Authorization Gem for Ruby on Rails.
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= CanCan {<img src="" alt="Gem Version" />}[] {<img src="" />}[] {<img src="" />}[]

Wiki[] | RDocs[] | Screencast[]

CanCan is an authorization library for Ruby on Rails which restricts what resources a given user is allowed to access. All permissions are defined in a single location (the +Ability+ class) and not duplicated across controllers, views, and database queries.

== Installation

In <b>Rails 3</b>, add this to your Gemfile and run the +bundle+ command.

  gem "cancan"

In <b>Rails 2</b>, add this to your environment.rb file.

  config.gem "cancan"

Alternatively, you can install it as a plugin.

  rails plugin install git://

== Getting Started

CanCan expects a +current_user+ method to exist in the controller. First, set up some authentication (such as Authlogic[] or Devise[]). See {Changing Defaults}[] if you need different behavior.

=== 1. Define Abilities

User permissions are defined in an +Ability+ class. CanCan 1.5 includes a Rails 3 generator for creating this class.

  rails g cancan:ability

In Rails 2.3, just add a new class in `app/models/ability.rb` with the folowing contents:

  class Ability
    include CanCan::Ability

    def initialize(user)

See {Defining Abilities}[] for details.

=== 2. Check Abilities & Authorization

The current user's permissions can then be checked using the <tt>can?</tt> and <tt>cannot?</tt> methods in the view and controller.

  <% if can? :update, @article %>
    <%= link_to "Edit", edit_article_path(@article) %>
  <% end %>

See {Checking Abilities}[] for more information

The <tt>authorize!</tt> method in the controller will raise an exception if the user is not able to perform the given action.

  def show
    @article = Article.find(params[:id])
    authorize! :read, @article

Setting this for every action can be tedious, therefore the +load_and_authorize_resource+ method is provided to automatically authorize all actions in a RESTful style resource controller. It will use a before filter to load the resource into an instance variable and authorize it for every action.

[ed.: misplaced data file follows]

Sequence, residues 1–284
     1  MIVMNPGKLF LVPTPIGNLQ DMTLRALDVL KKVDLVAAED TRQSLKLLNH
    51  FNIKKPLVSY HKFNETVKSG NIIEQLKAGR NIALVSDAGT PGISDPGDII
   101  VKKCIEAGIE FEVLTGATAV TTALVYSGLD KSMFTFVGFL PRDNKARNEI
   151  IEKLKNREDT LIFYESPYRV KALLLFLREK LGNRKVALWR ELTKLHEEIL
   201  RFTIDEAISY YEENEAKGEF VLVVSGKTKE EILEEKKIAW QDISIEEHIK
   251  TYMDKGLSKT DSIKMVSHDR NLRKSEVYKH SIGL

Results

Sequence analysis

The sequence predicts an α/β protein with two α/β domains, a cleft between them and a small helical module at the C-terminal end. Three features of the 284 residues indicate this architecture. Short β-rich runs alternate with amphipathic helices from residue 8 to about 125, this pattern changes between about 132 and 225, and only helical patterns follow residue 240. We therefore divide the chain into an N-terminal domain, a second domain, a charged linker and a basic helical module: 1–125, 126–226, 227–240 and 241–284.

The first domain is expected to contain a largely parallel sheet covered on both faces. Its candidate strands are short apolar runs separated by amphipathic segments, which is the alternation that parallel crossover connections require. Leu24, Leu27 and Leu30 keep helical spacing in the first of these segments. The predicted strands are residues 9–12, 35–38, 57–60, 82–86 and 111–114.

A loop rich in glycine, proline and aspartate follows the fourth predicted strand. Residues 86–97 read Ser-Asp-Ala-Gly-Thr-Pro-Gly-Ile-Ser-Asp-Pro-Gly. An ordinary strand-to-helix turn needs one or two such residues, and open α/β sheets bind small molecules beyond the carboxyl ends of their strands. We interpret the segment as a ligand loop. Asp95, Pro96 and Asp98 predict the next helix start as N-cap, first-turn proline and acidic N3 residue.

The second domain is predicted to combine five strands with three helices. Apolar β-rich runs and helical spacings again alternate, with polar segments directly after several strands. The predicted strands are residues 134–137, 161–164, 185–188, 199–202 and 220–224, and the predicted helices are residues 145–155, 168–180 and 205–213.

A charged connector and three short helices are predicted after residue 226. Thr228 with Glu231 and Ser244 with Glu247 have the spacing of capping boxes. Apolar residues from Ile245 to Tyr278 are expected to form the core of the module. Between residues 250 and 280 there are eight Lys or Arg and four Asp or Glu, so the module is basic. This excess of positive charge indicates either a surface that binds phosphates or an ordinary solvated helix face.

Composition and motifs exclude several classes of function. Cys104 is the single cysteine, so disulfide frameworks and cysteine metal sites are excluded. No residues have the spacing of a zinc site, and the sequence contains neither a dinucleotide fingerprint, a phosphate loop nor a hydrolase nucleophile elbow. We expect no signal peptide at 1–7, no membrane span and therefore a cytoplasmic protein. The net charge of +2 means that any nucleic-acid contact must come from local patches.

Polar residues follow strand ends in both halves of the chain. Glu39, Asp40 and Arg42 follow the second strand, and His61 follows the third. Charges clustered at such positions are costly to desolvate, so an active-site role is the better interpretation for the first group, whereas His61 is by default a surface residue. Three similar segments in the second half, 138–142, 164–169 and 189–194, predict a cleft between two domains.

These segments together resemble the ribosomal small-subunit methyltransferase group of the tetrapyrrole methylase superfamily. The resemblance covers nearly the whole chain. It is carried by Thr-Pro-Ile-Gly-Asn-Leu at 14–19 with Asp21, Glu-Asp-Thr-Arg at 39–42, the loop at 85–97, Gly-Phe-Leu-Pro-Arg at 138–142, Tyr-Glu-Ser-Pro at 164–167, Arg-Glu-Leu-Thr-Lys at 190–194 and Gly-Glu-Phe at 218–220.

class ArticlesController < ApplicationController

    def show
      # @article is already loaded and authorized

See {Authorizing Controller Actions}[] for more information.

=== 3. Handle Unauthorized Access

If the user authorization fails, a <tt>CanCan::AccessDenied</tt> exception will be raised. You can catch this and modify its behavior in the +ApplicationController+.

  class ApplicationController < ActionController::Base
    rescue_from CanCan::AccessDenied do |exception|
      redirect_to root_url, :alert => exception.message

See {Exception Handling}[] for more information.

=== 4. Lock It Down

If you want to ensure authorization happens on every action in your application, add +check_authorization+ to your ApplicationController.

  class ApplicationController < ActionController::Base

This will raise an exception if authorization is not performed in an action. If you want to skip this add +skip_authorization_check+ to a controller subclass. See {Ensure Authorization}[] for more information.

== Wiki Docs

* {Upgrading to 1.6}[]
* {Defining Abilities}[]
* {Checking Abilities}[]
* {Authorizing Controller Actions}[]
* {Exception Handling}[]
* {Changing Defaults}[]
* {See more}[]

== Questions or Problems?

If you have any issues with CanCan which you cannot find the solution to in the documentation[], please add an {issue on GitHub}[] or fork the project and send a pull request.

To get the specs running you should call +bundle+ and then +rake+. See the {spec/README}[] for more information.

== Special Thanks

CanCan was inspired by declarative_authorization[] and aegis[]. Also many thanks to the CanCan contributors[]. See the CHANGELOG[] for the full list.